Exploring the reason for this, I find it is a way to assert myself in my space. By preparing a dish someone close to me cannot consume, I am laying claim to this territory as mine. It is infantile, yes, and even after this insight I still look forward to this meal.


For some reason I stopped. I never stop for strangers who look my way or say hello. Not any more. But I stopped for Marcos. Mackintosh. Enthusiastic in his greeting, jovial and energetic, I walked back to shake his hand.

He seemed deeply touched by this gesture. His hands were cold and clean as if he had just washed them. His lips were the characteristic red and chapped of ch’angaa drinkers, flecked with green spittle like he also chews miraa or muguka.

With his breath sickly sweet, he tells me he does not drink. I tell him he smells like he does. He tells me he has family problems, then he tells me he sees something in me and there is a reason I stopped and we met. He says he sees God in me. He asks if I am saved and accepted the lord Jesus as my personal saviour. I lie yes. He asks me if I am a student. I am flattered at this. I do not look old. I have recently acquired a heightened awareness of my looks, partly brought on by weight loss due to stress.

He repeats how it is God who has brought us together. I smirk inside but I feel myself seduced by the thought of a benevolent all-powerful being that cares about me. I almost believe it. I feel I am close to slipping back into religion at this point, when my love life has gone awry and I am questioning my job and my life choices more than usual. A few months ago everything was so clear. I thought I knew what I was doing. Life has a way of showing you you know nothing.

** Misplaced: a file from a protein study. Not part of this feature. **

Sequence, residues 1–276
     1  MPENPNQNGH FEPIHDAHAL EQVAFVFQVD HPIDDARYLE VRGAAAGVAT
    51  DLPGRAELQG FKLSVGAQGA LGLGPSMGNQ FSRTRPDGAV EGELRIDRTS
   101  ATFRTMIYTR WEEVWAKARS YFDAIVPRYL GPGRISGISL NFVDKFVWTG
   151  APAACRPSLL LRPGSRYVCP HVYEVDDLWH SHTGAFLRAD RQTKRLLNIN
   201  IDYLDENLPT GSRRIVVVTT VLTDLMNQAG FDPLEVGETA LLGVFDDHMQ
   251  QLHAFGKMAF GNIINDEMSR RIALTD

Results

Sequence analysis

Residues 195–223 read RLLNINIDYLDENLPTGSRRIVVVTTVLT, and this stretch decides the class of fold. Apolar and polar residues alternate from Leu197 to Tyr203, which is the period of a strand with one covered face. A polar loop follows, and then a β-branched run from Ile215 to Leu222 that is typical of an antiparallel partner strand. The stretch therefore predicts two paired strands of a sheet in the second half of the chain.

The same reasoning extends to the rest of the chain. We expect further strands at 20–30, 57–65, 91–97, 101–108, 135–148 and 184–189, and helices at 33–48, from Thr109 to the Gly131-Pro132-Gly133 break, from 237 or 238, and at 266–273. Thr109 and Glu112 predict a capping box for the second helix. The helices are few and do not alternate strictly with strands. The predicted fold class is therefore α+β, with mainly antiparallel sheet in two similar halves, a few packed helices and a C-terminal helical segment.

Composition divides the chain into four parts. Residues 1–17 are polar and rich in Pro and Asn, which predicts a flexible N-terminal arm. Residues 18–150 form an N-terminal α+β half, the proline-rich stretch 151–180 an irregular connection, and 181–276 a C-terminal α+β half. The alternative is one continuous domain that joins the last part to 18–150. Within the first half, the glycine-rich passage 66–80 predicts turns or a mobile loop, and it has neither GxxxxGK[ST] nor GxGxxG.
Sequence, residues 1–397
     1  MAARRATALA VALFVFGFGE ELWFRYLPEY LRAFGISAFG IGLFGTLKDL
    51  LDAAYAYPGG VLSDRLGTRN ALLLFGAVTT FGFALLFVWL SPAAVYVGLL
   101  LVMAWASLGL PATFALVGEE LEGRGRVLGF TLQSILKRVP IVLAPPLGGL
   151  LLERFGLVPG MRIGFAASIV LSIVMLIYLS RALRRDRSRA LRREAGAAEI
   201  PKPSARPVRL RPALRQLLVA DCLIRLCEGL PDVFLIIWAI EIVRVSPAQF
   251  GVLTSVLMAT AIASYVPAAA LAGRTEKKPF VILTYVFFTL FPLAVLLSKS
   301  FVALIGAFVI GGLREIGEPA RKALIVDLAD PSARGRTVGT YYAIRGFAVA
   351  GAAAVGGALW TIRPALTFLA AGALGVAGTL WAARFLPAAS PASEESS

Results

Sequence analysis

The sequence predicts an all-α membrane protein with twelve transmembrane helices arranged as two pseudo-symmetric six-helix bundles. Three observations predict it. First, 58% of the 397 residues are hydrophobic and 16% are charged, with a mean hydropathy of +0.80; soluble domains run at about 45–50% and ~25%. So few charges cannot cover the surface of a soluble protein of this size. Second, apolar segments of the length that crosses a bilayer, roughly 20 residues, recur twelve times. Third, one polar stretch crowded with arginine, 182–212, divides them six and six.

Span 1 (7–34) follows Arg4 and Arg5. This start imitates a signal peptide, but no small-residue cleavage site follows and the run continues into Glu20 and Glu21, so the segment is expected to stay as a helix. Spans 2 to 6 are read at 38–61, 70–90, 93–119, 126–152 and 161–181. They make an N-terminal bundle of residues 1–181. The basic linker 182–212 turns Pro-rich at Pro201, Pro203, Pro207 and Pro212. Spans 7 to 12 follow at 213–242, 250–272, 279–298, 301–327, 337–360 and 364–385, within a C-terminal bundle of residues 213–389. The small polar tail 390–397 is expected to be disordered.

We pray together and he asks God to bless me. I accept this and welcome it. He wishes me a good day when I tell him I have to go. As expected, he touches me for something small, kitu ya chai. I oblige, removing a two-hundred shilling note from my left back pocket and thinking better of it. In my right one, I remove a hundred and give it to him. He thanks me and asks God to continue blessing me. I ask God to bless me. I will even ask for a blessing from a God I lost faith in.

That Night

I so enjoyed Adult Swim’s 404 page I used it as a template for the below.

There are three of us sitting on the threadbare orange sofa. I am almost passed-out drunk, going in and out of consciousness and conversation.

Blunt regally poised on his dark lips, my cousin’s friend mans the remote; he inhales and coughs as his eyes scan the plethora of channel choices, a barren wasteland that promises additional distractions.

I stand up to go pee and see the floor quickly coming. As the night’s fragments come to me later, I will see myself seeing it quickly coming. I do not see my lower lip exploding and my front incisor chipping. It gives in on the yellowed ceramic tiles. I taste blood and sand.